With To Be Close To You, Sam Ray shrugged off his previous project’s self-seriousness with indie-pop songs about love and the acceptance of loss. Though much of the record deals with unrequited (or at least uncertain) love, the debut has nothing to do with breakups. If anything, spending a literal summer with To Be Close To You taught me how much Ray has to offer when it comes to the concepts of nostalgia, love, and loss. “how i spent my summer” certainly appeases those seeking an aesthetically sad song, but the repetitious musings end up sounding more like fond memories.
To Be Close To You is made up of a lot of past tenses, but like “how I spent my summer,” they’re almost all projected with warm harmonies and bright instrumentation. Your 2013 summer memories probably won’t sound as nice as this, wrapped up in a lo-fi pop song, but songs like these ought to remind you they’re still worth valuing.
There are few musicians better to be alone while listening to than Grouper’s Liz Harris. Harris’ music isn’t suffocating or alienating, but I always avoid the company of others when I turn on Dragging a Dead Deer Up a Hill. The Man Who Died In His Boat is a batch of songs recorded during that session and “Living Room” is the most vivid shade of gray on the companion record.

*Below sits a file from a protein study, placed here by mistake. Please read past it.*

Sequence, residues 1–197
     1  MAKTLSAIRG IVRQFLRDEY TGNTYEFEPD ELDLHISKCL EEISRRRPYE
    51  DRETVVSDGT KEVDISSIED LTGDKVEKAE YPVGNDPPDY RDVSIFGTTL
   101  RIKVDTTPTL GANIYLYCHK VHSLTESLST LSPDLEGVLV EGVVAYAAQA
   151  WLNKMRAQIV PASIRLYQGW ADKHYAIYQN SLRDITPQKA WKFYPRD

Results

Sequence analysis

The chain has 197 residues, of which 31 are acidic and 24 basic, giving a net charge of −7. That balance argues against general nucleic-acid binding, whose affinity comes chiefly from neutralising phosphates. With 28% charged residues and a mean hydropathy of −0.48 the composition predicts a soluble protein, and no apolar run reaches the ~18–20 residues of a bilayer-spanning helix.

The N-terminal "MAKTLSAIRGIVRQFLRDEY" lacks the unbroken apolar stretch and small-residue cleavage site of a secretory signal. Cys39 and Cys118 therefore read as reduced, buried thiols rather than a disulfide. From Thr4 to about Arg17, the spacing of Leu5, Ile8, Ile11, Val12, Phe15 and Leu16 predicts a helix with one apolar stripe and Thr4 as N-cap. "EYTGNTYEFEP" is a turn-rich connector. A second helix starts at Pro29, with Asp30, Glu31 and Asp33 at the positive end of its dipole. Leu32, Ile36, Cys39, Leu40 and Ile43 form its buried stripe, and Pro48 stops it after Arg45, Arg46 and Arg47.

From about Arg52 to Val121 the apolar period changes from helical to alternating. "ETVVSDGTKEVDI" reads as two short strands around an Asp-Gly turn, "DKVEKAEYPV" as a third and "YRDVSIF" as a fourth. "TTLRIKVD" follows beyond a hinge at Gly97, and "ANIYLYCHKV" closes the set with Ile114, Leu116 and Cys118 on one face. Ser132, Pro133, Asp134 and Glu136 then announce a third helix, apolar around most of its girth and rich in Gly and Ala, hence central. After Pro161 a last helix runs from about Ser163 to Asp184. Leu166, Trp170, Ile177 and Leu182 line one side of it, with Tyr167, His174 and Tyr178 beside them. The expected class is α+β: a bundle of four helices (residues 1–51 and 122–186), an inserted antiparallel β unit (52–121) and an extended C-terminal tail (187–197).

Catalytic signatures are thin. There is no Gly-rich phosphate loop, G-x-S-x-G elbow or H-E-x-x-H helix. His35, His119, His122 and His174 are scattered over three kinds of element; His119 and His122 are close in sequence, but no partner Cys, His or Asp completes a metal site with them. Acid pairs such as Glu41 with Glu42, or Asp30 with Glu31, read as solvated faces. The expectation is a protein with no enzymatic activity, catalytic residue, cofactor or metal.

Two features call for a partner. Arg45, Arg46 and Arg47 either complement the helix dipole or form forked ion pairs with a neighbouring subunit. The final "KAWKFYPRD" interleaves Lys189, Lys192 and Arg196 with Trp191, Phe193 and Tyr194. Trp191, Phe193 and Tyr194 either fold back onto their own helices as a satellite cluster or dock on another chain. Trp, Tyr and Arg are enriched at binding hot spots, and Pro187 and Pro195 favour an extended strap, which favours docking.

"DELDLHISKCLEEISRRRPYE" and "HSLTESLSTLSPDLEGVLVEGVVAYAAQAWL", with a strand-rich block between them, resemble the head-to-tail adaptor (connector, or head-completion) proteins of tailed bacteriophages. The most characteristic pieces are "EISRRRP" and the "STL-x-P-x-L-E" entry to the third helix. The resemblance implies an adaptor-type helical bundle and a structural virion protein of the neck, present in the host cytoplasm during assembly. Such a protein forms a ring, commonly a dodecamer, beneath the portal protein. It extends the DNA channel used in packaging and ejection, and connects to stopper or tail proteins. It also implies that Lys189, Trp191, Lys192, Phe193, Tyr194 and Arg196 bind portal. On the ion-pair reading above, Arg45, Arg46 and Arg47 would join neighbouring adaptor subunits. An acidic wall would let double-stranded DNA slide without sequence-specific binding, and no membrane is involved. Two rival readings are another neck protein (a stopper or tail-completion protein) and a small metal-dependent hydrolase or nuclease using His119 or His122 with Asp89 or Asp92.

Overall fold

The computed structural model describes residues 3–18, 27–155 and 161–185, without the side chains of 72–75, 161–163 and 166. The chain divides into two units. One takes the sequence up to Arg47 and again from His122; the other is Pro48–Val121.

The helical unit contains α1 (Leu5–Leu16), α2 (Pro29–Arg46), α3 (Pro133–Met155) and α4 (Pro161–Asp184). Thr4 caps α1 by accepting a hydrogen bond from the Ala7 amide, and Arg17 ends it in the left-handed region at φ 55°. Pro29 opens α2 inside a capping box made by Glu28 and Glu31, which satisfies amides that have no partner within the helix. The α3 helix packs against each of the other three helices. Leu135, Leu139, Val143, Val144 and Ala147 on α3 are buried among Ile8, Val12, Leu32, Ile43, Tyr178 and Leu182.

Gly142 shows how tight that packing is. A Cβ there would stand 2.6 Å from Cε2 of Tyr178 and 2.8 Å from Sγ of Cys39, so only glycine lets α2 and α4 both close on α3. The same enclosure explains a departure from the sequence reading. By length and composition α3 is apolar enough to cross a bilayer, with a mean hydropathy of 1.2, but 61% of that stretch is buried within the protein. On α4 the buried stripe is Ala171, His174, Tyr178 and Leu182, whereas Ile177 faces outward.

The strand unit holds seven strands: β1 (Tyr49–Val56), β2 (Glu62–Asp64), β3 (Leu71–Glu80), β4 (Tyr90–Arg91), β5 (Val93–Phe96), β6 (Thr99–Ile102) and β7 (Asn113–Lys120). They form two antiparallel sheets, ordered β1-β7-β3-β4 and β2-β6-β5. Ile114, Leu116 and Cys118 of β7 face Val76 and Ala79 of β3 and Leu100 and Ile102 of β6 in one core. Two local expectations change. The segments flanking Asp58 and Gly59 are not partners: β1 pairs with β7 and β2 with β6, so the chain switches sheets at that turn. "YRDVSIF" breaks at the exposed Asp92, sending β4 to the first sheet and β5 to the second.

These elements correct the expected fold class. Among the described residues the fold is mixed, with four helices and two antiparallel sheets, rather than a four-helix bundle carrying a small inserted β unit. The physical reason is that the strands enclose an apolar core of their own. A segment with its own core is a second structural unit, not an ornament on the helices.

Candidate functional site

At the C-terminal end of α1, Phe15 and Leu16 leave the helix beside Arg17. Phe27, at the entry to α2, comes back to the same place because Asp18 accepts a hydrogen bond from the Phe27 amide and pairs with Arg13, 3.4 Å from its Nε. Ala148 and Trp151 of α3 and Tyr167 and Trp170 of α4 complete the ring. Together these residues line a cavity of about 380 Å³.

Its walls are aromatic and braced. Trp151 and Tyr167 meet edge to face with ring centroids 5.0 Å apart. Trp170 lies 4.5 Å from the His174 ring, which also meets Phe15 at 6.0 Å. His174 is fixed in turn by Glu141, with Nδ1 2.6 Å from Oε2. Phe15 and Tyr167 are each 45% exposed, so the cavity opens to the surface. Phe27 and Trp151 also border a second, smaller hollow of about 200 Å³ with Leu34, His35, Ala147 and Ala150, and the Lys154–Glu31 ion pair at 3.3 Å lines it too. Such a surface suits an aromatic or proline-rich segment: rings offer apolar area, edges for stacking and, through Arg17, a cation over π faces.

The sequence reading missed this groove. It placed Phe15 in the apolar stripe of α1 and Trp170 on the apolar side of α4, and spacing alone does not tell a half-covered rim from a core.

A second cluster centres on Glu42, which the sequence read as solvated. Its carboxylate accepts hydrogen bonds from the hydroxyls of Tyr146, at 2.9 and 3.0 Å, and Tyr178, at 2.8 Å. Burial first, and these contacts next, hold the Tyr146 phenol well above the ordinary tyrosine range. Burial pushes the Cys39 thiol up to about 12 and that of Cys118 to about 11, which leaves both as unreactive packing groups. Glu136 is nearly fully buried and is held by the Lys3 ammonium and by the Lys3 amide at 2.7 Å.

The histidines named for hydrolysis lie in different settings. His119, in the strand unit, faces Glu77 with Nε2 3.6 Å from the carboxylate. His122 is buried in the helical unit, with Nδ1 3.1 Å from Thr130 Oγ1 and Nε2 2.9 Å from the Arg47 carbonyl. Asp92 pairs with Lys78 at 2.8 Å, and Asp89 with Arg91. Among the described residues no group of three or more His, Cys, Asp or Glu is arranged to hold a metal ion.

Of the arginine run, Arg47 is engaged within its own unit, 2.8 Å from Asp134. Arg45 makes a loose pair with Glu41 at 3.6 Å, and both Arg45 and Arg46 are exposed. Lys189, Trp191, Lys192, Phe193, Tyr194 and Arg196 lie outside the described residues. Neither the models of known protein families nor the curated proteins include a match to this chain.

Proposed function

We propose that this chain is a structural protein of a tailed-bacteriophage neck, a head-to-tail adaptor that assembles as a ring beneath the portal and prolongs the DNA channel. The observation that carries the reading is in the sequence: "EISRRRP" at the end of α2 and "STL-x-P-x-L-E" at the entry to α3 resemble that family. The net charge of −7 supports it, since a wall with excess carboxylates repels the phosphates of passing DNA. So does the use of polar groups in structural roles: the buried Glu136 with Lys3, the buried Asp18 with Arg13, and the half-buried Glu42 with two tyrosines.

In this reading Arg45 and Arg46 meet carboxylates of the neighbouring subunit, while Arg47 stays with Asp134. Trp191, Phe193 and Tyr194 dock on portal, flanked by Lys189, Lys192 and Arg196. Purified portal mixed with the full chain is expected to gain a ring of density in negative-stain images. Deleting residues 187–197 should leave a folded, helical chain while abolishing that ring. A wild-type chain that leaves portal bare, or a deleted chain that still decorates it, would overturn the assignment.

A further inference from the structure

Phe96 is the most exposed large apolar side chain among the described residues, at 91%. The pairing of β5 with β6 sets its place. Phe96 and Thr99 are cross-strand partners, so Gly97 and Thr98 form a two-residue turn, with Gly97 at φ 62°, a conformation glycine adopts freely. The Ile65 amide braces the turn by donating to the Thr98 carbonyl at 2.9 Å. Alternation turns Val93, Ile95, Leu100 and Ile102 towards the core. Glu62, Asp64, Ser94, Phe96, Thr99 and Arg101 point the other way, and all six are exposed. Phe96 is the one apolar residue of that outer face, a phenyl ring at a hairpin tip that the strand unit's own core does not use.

Harris’ vocals are strikingly lucid, easily one of her clearest vocal tracks in her discography, complete with vulnerable lyrics that squirm with discomfort:
“I’m looking for the place where the spirit meets the skin/ can’t figure out why that place feels so hard to be in/ we’re all of us at this ill-fitting party / busy pretending to relate.”
"Living Room" is more than a whisper-quiet anthem about kids with identity issues, however. It’s also a revealing glance at a songwriter who spends most of her time obfuscating her work with static. The droning is still there, packaged in the guitar’s languid pace, but the lyrical clarity changes everything. For a brief moment, Liz Harris is an identifiable character instead of a shroud of beautifully constructed noise.
Earlier this year, The Le Sigh released a fabulous bundle through Birdtapes. This bundle included a zine and a tape compilation from the blog, which is one of the better sites giving attention to women in music and art.
At least, I assume it was fabulous - I spaced on it while deep in the mire of less important life things, and I wasn’t aware of my oversight until the zines and tapes had sold out. I didn’t know much about the contents, but I was familiar enough with the work done by The Le Sigh and the plethora of featured artists to know that I, along with many others, had missed out.
Fortunately for us, the late-passers and no-cashers, this week’s installment of The Le Sigh’s “Monday Mix” series was that very tape. The entire compilation is now available for free download over on Birdtapes’ bandcamp.
Another example: Lizard Kisses is a name I’d heard but not investigated. The luxurious “Little Things" has me scrambling to change that. Winter's “Find Me” and its room-filling reverberations were yet another eye-opener, and… actually, I’ve already said too much about how I know too little.
Finish the new year strong with this compilation. Even the more plugged-in music nerds will find something new and delightful. Maybe we’ll all pay more attention when Volume 2 drops.